Fans expect them to be well-oiled, turbine-thumping, BMW-reliable machines. Never breaking down, never wavering in performance, never changing.
After all, their compensation for one summer of work exponentially exceeds what most of the paying customers earn in a lifetime. In return, baseball superstars are expected to perform with superhuman consistency, undeterred by distraction on or off the field of play.
Tim Lincecum and Barry Zito pitched in consecutive games for the San Francisco Giants against the Toronto Blue Jays last week, two Cy Young Award winners typecast as flaky surfer dudes at the outset of their playing careers, their images frozen in time as California hippies two generations removed.
Zito, the long-haired, guitar-playing, surfboarding lefty dominated baseball for a while, relying on a 12-to-6 curveball that started at a hitter’s waist and dropped devastatingly to his ankles at the last instant.
Lincecum, the shaggy-haired poet to whom the stanzas came all too easily on the mound, won back-to-back Cy Youngs with a nasty fastball that belied his slight build, and a befuddling changeup that moved late and bit hard.
Both have a pair of World Series rings in San Francisco. Both have endured the struggle to be what they once were. Both may be free agents at season’s end. Both got haircuts.
It’s hard to fathom Zito, 35, is in his 14th season, the first seven spent with Oakland, where he won 102 games, never had a losing season, and compiled an earned-run average under 4.00 each season but one. The American League Cy Young Award winner in 2002, Zito signed a then-stunning seven-year, $126-million (U.S.) deal to cross the bay into the National League in 2007. Now, in the final year of that contract, with a club option for one more, he’s put together only one winning record for the Giants (2012).
“Ali lost his legs, went to the ropes, took a beating,” said Giants pitching coach Dave Righetti, using Muhammad Ali’s rope-a-dope victory against George Foreman as metaphor. (In a 1974 fight, promoted as the Rumble in the Jungle, Ali absorbed relentless punches while leaning against the boxing ring’s ropes until Foreman became too fatigued to resist Ali’s counterattack.)
Righetti, who spent the first four years of his 16-year career as a starter before becoming an effective reliever for the New York Yankees and Giants, is reluctant to discuss his pitchers directly. Instead, he talks around the edges, much like Zito frustrated Giants fans for years by nibbling at the plate rather than working it aggressively.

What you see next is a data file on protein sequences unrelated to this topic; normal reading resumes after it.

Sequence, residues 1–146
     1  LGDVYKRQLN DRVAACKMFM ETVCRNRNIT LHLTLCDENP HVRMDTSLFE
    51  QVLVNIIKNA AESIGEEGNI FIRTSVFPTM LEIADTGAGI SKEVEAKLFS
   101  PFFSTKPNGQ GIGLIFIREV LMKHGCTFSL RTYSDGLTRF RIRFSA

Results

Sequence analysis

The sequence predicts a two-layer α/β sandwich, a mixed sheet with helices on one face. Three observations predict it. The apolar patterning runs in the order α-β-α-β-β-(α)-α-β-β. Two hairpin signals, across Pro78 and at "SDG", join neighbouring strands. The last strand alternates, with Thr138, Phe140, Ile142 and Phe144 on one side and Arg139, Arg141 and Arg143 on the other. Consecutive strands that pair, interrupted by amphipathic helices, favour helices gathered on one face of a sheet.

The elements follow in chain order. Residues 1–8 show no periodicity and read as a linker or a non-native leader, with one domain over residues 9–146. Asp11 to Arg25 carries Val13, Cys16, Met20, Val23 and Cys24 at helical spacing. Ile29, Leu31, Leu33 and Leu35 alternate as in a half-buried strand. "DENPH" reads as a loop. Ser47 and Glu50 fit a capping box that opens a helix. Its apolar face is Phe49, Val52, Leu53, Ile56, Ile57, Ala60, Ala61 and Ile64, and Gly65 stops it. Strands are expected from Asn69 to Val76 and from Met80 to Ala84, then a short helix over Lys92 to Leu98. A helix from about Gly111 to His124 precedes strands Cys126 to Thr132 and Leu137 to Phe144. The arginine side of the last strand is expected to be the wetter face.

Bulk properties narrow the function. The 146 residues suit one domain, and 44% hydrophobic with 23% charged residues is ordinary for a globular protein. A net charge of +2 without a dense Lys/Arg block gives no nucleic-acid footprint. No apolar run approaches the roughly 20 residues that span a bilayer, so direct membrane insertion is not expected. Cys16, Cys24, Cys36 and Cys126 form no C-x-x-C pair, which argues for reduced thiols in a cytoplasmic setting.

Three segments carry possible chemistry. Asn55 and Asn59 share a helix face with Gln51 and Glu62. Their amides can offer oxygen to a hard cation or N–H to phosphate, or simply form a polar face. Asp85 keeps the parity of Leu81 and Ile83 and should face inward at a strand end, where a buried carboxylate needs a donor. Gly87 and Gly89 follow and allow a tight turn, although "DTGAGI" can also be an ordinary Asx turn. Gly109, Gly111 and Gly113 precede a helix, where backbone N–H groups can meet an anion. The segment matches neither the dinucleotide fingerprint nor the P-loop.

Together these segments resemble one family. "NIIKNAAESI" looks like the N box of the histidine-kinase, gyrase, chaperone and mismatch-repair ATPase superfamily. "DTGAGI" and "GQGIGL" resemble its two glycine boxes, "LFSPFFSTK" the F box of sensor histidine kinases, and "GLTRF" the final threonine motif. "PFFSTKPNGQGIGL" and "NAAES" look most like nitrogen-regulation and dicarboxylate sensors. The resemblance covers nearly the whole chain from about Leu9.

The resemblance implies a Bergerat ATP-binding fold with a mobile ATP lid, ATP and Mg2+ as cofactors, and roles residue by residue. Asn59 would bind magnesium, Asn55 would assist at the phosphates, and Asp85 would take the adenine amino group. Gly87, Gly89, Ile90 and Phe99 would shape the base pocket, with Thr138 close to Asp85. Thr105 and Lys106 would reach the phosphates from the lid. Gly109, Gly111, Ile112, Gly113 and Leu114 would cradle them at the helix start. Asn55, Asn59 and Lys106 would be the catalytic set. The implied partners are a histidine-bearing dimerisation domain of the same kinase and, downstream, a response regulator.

He said slumps are complicated by the public criticism, and the challenge is to “reel it in, latch on to the positives.”
During the playoffs last year, Zito openly discussed the personal impact of being booed at the stadium, gutted on the radio waves, skewered in social media, targeted because his results on the field weren’t living up to the fans’ expectations.
“When you start hating the world, it’s a heavy burden on your shoulders every day,” Zito said at the time. “You can’t hate the world. A lot of times, people make really nasty comments, and I can empathize with them. They’re probably angry or frustrated in their own life. They don’t know me, but they want to take it out on somebody. I’m able to see that now.”
Zito may have felt similarly, as his mother passed away in November of 2008, and his father suffered a life-threatening heart condition in 2010. He’s described himself today as a transformed person. In 2011, he became a reborn Christian and, in 2012, the committed bachelor married Amber Seyer, a former Miss Missouri Teen USA. He still surfs, still plays the guitar, and he’s evolved.
Recently, he explained why he’s learned to shuck questions about the Oakland years and the Giants contract. Simply: that was then.
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